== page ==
Nvidia launches GeForce GTX 660 Ti desktop graphics card for $299

Summary:Kepler graphics engine comes to the mid-range market, competes against AMD Radeon 7950.

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While all the attention is paid to the extreme high end when it comes to graphics cards -- and which is the fastest card ever -- not as many gamers are willing to pay $500 or more for those boards. So it may not be as exciting when the new high-end technologies trickle down to the mid range -- that is, unless you're in the market for one of those cards.

A case in point is the new Nvidia GeForce GTX 660 Ti, which is built using the same GK104 GPU (a.k.a Kepler) that powers the blazing -- and pricey -- GeForce GTX 680, but will cost around $299 instead of $499. Obviously, you won't get the same performance, but if you're upgrading from an older card, the benefits will be readily apparent. You will get 1,344 CUDA cores, 2GB of video memory, a 192-bit memory bus, and a base clock speed of 915MHz. Those specs are for any reference card, though customized and overclocked cards from Nvidia's manufacturing partners are available.

So how does the GTX 660 Ti's performance compare to the AMD Radeon HD 7870 and Radeon HD 7950, two competing cards that bookend the new Nvidia board in pricing? As is more the case these days, results are mixed from test to test and reviewer to reviewer (see Anandtech, HotHardware, and Tom's Hardware) -- there's no slam-dunk pick among these mid-range cards. AMD has made things even trickier by announcing that it would be providing a BIOS update to the Radeon HD 7950 that will provide its Boost software overclocking tool, no doubt trying to cushion the blow from the GTX 660 Ti launch.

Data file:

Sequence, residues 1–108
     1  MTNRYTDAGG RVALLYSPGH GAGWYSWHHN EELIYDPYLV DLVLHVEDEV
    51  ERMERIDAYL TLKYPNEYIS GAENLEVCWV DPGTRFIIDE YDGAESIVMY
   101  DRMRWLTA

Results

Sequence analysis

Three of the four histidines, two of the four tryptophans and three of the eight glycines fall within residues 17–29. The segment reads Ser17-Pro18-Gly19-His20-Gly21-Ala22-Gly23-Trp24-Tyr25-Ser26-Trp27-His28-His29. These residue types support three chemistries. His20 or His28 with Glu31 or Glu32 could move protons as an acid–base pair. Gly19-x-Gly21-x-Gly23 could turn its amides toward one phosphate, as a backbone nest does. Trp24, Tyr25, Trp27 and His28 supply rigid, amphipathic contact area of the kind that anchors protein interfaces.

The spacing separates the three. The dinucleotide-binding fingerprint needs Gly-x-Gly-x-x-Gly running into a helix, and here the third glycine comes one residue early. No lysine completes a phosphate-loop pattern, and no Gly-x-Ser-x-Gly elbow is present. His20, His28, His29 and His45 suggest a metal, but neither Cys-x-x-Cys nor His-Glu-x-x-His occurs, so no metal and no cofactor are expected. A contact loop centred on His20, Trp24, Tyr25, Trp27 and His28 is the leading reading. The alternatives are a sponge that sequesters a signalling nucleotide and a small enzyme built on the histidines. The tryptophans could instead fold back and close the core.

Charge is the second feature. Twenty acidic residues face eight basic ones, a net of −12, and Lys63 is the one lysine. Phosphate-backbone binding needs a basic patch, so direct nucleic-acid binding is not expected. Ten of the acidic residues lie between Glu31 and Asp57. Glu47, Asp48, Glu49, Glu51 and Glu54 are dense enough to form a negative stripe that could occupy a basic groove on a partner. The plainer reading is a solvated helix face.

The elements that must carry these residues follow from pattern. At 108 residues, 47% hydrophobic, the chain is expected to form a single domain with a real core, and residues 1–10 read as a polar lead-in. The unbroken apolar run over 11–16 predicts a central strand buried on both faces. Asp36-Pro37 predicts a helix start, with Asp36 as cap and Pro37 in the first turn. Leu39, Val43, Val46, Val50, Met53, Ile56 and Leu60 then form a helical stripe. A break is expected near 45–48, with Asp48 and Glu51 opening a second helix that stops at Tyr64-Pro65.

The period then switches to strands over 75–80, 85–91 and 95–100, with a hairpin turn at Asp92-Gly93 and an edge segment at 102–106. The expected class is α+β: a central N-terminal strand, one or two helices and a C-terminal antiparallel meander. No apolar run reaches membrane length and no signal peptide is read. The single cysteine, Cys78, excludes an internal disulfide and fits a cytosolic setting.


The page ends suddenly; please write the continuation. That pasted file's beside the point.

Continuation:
Gaming PC makers have been quick to announce support for the new Nvidia card, with everyone from CyberPower to Maingear to Velocity Micro now including the GTX 660 Ti as an option for their gaming desktops. Are you in the market for the new card, or would you prefer one of AMD's mid-range offerings? Let us know in the Talkback section below.

Topics: Hardware, PCs

About

Sean Portnoy started his tech writing career at ZDNet nearly a decade ago. He then spent several years as an editor at Computer Shopper magazine, most recently serving as online executive editor. He received a B.A. from Brown University and an M.A. from the University of Southern California.

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